By adding an additional name to your child’s Japanese passport, their travel documents and tickets will always match. This is especially important when your child is traveling with 2 passports.
For example a Japan/US dual citizen going to the US must enter the US with their US passport. But, they must clear immigration in Japan with a Japanese passport. So, the flight ticket must match the name on their US passport AND Japanese passport.
Middle Names in Japan — Yay or Nay?
In my very, very humble opinion…
If you will be raising a child in Japan, even if only for a short period of time, please reconsider giving your child a middle name on Japanese documents.
Firstly, the concept of middle names doesn’t exist.
If your child’s name is Sarah Rose Tanaka, in Japan, she will be Tanaka Sararose (田中 さらローズ) with no space or hyphen allowed.
If you insist on giving your child a middle name, consider giving them a middle name on the non-Japanese passport.
In my experience, adulting in Japan was hard with a middle name and a long last name. Just a mess of katakana that wouldn’t fit in the online or in print. Plus, having to spell out all of that over the phone? Whew chilay….
Now, my Japanese legal name fits nicely on bank cards, credit cards, utility bills, and online forms.
Japanese/English Baby Names For Boys and Girls
Adam (あだむ | adamu)
Aiden (えいでん | eiden)
Akira (あきら | akira)
Byron (ばいろん | bairon)
Cameron (かめろん | kameron)
Dan (だん | dan)
Eugene (ゆうじん | yujin)
Eito (えいと | eito)
Eiji (えいじ | eiji)
Hiro (ひろ | hiro)
Hugh (ひゅう | hyuu or ひゅうが) | hyuuga
Isaiah (いざや | izaya)
Joe (じょう | jyou)
John (じおん | jion)
Kei (けい | kei)
Ken (けん | ken)
Kent (けんと | kento)
Kevin (けびん | kebin)
Leo (りお or れお | rio or reo)
Leon (りおん or れおん | rion or reon)
Louis/Luis/Rui (るい or るいす | rui or ruisu)
Mark (まるこ | mark)
Matthew (またい | matai)
Micheal (まいける | maikeru)
Mike (まいく | maiku)
Noah (のあ | noa)
Taiga (たいが | taiga)
Thomas/Tomas (とます | tomasu)
Tom (とむ | tomu)
Tony (とに | toni)
Ray (れい | rei)
Ron (ろん | ron)
Rick (りく | riku)
Yu (ゆう | yuu)
Ai ( あい | ai)
Ailee (Airi | あいり)
Ali (あり | ari) )
Alice (ありす | Arisu)
Amy (えいみ | Ami or Eimi)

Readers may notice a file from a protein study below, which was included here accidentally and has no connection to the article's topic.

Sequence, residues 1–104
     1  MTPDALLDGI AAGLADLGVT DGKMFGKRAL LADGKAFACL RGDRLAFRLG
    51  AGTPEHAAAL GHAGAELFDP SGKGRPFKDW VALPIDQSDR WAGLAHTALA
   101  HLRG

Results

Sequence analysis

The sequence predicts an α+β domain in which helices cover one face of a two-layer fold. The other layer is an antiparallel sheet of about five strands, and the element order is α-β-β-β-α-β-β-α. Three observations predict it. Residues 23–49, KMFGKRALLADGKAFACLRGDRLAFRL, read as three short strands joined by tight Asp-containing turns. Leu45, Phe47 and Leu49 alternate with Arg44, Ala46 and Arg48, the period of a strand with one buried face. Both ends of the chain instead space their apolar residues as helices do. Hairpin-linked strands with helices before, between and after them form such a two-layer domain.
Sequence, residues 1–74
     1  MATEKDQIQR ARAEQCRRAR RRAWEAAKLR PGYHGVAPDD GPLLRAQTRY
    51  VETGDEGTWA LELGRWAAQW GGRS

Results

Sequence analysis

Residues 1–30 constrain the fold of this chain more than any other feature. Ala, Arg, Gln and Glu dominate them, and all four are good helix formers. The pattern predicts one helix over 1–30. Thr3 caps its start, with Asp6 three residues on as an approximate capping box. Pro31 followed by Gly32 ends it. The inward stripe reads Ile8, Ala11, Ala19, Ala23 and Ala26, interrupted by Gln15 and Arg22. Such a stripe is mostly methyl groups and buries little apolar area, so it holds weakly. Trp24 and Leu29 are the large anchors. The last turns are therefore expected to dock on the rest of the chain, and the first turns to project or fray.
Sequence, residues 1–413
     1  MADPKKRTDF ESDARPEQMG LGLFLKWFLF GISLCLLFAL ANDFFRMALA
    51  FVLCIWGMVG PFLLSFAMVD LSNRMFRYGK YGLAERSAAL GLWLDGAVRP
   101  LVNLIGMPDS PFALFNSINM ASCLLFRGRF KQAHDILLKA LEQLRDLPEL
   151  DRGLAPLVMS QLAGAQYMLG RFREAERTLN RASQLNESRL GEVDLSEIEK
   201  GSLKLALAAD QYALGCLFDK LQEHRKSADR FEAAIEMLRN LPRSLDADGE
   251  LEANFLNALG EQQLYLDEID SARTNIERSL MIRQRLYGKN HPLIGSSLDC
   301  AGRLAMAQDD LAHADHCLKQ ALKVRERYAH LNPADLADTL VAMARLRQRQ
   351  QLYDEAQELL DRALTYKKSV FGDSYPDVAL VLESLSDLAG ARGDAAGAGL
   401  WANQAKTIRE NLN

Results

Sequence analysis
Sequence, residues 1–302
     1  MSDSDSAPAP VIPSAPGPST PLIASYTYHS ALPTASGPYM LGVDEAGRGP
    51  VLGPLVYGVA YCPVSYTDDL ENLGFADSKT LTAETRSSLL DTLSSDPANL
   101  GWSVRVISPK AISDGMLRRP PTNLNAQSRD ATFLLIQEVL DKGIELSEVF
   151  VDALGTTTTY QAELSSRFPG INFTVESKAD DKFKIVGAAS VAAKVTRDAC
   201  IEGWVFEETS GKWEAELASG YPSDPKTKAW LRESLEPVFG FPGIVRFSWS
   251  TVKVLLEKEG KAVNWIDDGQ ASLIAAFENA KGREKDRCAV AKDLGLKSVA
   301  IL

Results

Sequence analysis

Ann (あん | An)
Ana/Anna (あな | Ana)
Akari (あかり | akari)
Akira (あきら | akira)
Aurora (オーロラ | o-rora)
Cara (から | kara)
Elisa (えりさ | erisa)
Ella (えら | era)
Emily (えみり | emiri)
Emma (えま | ema)
Erika/Erica (えりか | erika)
Erin (えりん | erin)
Hannah/Hana (はな | hana)
Irene (あいりん | airin)
Julia (じゅりあ | juria)
Julie (じゅり | juri)
June (じゅん | jun)
Karen (かりん or かれん | karin or karen)
Kiera (きえら | kiera)
Kimberly (きんばりい | kinbarii)
Kimmy (きみ | kimi)
Kylie (かいり | kairi)
Leah (りあ |ria)
Lena (れな | rena)
Leona (りおな | riona)
Lily (りり | riri)
Lynn (りん | rin)
Mary (めあり | meari)
Maria (まりあ | maria)
Maya (まや | maya)
Mia (みあ | mia)
Milla (みら | mira)
Mona (もな | mona)
Monica (もにか | monica)
Naomi (なおみ | naomi)
Nina (にな | nina)
Olivia (おりびあ | oribia)
Rita (りた | rita)
Rhea (りあ | ria)
Ruby (るび | rubi)
Rose (ろーず | ro-zu)
Sara/Sarah/Sarah (さら | sara)
Samantha (さまんさ | samansa)
Serena (せれな or せりな | serena or serina)
Sophia (そひあ or そふぃあ | sohia or sofia)
Tammy (たみ | tami)
Tara (たら | tara)
Tiffany (てぃふぁに | tifani)
Zoe (ぞい | zoi)
More Naming Inspiration
One book you shouldn’t overlook when writing your list of potential baby names is the Bible (or Qur’an or Torah)! If you come across a name you and your partner like, you can easily look up the Japanese translation with a simple web search. This Japanese website has a list of 50 girl names and 50 boy names from the Bible.
Otoko no ko no Shiawase Namae Jiten (“The Happy Name Book For Baby Boys”) on Amazon Japan
Onna no ko no Shiawase Namae Jiten (“The Happy Name Book For Baby Girls”) on Amazon Japan.